this is really good with homemade ricotta (you can find the recipe, here), and really it doesn't add that much more hands on time. but, if cheesemaking is not in the cards for your evening, i will not give you even a second of grief for buying a container. if there are fresh peas in the market, it's your lucky day. but, again, if it's not springtime and you buy frozen, as i did this time, no grief. just remember to mix, taste, adjust and taste again until it's perfect for you.
1 pound pasta (i like medium shells)
1 pound fresh or frozen peas
1 pound ricotta cheese (i usually use part-skim if i buy)
3/4 cup freshly grated parm
1 lemon, zested and halved (seeds removed)
1 large clove garlic, peeled and chopped
1/2 cup fresh basil
in large pot of salted water, cook pasta according to package directions, adding frozen peas to the water when there is still 4 minutes left of cooking time. (i like mine still with a little pop, but if you prefer yours softer, adjust accordingly. also, if you are using fresh peas, 2-3 minutes should work.)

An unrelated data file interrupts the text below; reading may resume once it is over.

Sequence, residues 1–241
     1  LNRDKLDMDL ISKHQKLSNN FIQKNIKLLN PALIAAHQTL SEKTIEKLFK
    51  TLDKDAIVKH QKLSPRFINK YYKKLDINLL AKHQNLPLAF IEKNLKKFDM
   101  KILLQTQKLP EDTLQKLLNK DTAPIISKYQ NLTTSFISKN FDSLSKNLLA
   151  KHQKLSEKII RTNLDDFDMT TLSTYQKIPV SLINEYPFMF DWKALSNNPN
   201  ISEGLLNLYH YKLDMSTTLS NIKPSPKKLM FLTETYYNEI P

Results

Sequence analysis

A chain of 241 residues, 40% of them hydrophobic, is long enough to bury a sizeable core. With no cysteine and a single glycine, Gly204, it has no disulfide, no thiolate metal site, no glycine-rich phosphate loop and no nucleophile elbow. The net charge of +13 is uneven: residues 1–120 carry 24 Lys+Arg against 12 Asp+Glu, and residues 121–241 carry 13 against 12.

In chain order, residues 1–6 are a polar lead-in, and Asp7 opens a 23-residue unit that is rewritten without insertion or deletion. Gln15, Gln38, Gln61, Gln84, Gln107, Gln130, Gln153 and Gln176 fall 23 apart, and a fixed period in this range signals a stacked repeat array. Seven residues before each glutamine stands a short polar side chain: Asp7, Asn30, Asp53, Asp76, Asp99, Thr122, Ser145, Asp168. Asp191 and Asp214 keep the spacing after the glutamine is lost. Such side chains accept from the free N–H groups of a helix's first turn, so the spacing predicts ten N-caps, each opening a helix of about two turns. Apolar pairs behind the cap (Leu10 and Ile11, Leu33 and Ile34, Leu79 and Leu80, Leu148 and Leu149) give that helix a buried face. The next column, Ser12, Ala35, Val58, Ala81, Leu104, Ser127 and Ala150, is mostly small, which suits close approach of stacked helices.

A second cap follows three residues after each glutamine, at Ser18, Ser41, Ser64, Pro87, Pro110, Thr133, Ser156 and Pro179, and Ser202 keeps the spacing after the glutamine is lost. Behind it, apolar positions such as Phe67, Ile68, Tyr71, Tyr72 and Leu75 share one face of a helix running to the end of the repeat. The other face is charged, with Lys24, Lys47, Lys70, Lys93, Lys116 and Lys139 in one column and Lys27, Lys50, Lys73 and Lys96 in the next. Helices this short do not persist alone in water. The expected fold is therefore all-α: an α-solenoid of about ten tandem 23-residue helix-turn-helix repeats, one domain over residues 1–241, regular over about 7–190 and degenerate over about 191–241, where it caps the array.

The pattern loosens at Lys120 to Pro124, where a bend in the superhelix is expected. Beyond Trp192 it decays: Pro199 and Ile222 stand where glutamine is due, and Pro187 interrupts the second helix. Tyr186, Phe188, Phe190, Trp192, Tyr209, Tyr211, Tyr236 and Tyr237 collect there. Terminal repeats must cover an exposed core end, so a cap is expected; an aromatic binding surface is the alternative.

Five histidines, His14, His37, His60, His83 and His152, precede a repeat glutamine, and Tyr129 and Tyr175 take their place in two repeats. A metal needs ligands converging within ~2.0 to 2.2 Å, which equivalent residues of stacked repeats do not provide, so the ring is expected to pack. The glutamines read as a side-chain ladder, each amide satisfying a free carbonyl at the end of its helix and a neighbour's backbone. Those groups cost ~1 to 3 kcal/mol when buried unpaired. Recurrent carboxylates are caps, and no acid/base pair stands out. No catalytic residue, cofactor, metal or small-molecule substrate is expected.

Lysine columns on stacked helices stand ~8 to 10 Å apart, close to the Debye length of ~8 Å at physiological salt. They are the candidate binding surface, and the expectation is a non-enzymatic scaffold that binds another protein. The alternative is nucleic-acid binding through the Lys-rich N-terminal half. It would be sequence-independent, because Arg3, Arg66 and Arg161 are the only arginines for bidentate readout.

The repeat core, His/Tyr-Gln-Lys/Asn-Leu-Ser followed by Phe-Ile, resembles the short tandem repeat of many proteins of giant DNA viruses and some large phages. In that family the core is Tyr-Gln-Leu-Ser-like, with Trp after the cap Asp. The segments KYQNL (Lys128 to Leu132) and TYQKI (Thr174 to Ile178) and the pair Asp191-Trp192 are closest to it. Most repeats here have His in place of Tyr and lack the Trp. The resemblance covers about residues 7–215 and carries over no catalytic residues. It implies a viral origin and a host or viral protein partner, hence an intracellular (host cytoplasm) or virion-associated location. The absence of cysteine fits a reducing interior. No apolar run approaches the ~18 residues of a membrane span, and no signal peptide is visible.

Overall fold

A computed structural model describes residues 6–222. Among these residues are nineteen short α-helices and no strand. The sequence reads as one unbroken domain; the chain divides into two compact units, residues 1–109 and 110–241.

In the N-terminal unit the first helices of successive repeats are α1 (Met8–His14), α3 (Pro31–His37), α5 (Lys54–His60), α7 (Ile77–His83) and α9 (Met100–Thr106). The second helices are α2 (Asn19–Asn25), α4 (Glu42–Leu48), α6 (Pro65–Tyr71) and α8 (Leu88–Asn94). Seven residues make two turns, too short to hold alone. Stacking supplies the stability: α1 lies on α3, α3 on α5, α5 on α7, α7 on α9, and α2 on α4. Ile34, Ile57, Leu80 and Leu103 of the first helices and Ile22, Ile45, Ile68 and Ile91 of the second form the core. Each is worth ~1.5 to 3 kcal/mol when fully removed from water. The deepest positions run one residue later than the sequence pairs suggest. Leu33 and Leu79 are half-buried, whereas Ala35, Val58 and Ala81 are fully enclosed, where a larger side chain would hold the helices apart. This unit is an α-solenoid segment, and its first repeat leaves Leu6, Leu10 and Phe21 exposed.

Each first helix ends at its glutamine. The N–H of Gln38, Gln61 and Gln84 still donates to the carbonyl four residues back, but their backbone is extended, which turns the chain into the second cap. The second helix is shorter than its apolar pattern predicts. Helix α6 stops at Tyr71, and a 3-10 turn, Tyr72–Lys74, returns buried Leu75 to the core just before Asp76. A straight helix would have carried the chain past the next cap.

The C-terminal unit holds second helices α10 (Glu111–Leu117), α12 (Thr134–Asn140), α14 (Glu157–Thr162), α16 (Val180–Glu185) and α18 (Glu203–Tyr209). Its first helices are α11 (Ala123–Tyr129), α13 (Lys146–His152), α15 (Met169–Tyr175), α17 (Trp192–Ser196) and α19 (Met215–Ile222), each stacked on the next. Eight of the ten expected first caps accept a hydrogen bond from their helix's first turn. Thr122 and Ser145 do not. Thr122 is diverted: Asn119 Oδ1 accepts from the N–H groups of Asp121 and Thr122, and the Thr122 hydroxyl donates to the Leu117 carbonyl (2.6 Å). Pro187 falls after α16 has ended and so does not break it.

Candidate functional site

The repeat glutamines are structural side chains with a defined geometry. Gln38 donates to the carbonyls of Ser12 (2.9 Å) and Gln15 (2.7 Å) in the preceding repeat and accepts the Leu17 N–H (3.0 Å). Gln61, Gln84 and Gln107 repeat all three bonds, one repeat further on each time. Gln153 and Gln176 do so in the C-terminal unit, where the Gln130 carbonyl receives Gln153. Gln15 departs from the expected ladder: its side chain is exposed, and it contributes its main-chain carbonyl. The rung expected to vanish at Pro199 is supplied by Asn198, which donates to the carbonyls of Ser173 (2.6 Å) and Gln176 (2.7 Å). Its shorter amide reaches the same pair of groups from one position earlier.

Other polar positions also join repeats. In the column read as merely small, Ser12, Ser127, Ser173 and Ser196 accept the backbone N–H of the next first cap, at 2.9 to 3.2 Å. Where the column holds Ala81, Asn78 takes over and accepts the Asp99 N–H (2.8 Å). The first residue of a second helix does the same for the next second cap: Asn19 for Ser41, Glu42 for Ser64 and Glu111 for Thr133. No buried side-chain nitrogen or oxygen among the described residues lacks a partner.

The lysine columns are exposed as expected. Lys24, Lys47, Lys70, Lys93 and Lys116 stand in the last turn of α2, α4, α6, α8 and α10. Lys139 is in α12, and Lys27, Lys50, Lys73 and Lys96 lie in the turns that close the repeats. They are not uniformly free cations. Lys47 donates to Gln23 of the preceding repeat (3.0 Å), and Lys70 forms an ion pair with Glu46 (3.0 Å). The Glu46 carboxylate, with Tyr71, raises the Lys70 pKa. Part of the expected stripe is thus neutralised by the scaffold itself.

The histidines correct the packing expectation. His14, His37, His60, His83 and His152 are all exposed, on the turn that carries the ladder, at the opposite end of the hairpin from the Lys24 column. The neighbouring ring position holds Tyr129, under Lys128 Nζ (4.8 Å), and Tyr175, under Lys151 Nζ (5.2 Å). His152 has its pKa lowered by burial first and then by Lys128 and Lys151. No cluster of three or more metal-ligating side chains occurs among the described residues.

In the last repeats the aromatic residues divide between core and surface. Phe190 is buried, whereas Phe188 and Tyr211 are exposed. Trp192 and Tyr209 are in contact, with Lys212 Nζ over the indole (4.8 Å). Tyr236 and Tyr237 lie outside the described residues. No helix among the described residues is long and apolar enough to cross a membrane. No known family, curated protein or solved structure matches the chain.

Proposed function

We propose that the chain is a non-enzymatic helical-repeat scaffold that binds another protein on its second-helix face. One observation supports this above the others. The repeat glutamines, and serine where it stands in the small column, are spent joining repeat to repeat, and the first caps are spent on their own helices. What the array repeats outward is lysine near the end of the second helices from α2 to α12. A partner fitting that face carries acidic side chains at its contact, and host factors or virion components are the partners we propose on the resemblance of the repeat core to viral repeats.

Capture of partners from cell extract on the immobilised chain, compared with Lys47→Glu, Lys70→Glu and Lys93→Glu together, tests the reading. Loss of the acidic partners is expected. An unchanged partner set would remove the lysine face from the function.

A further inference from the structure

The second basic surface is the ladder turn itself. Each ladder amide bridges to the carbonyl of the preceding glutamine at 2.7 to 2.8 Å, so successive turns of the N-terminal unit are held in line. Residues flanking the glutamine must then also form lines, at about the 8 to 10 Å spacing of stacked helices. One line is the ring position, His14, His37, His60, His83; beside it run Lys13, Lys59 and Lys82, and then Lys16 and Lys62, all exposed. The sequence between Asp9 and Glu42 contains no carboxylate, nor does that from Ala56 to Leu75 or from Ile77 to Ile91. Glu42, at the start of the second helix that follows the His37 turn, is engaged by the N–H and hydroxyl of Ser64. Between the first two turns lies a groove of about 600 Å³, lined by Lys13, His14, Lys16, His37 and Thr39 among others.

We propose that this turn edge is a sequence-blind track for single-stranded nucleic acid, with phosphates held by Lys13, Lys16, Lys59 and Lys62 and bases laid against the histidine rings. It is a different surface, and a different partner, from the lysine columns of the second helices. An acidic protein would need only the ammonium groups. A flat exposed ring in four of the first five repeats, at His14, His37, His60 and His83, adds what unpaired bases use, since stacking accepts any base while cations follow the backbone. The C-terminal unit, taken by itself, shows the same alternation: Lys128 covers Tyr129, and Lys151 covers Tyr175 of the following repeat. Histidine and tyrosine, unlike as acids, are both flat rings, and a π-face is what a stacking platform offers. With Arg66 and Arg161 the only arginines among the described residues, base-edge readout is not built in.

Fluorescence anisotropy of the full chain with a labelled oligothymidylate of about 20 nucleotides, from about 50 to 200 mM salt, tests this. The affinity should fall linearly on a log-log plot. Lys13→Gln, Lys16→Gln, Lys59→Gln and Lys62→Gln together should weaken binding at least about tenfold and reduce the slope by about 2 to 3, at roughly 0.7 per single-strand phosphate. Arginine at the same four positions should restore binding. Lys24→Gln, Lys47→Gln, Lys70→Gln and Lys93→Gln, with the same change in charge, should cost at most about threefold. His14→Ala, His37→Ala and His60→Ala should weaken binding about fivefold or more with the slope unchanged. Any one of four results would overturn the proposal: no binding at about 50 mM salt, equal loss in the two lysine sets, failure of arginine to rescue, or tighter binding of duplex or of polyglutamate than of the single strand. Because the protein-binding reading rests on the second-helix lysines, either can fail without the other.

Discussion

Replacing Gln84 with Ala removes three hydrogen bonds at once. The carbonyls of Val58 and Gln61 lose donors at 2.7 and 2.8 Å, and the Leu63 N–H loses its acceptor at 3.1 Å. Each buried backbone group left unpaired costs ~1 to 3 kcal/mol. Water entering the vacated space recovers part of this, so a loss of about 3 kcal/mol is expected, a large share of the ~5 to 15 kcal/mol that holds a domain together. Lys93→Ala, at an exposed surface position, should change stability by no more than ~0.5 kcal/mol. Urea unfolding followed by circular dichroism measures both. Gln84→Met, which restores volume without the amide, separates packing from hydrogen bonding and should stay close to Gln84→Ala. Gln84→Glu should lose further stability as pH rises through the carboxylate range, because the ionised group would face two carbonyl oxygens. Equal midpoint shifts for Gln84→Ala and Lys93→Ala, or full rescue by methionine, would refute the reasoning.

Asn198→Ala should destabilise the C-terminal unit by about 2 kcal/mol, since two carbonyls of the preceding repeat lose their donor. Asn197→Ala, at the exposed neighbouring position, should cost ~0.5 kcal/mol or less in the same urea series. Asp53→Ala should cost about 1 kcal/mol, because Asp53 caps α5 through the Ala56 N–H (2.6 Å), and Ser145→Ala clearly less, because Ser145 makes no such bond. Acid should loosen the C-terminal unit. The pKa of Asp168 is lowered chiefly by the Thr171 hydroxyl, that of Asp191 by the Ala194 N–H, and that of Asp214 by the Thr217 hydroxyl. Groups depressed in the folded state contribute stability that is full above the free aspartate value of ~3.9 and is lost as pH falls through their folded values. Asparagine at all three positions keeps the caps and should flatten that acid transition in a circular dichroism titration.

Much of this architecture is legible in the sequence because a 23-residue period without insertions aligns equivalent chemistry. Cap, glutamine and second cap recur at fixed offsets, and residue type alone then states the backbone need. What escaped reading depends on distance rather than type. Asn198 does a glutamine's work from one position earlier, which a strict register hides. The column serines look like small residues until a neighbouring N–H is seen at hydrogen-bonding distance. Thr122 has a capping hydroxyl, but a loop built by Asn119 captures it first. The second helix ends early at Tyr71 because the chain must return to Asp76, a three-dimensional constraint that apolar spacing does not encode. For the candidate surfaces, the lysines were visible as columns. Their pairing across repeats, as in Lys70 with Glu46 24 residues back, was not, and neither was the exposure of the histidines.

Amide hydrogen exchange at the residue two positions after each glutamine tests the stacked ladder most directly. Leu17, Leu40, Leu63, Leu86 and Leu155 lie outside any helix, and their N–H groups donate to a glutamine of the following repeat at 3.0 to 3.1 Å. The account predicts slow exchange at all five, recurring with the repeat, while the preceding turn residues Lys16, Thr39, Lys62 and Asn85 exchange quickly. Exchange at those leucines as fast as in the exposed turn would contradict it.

meanwhile, in bowl, combine ricotta, parm, lemon zest and chopped garlic. stack basil leaves, roll stack into a tight cigar shape and thinly slice with sharp knife (you may need to make two stacks); add to bowl. using scissors, snip chives directly into the bowl. remove seeds from lemon halves and squeeze in juice. season with salt and pepper. taste and adjust.
add hot pasta and peas to ricotta mixture and stir gently to combine. taste and quickly adjust seasoning, if necessary. divide among bowls and top with chopped chives, if desired.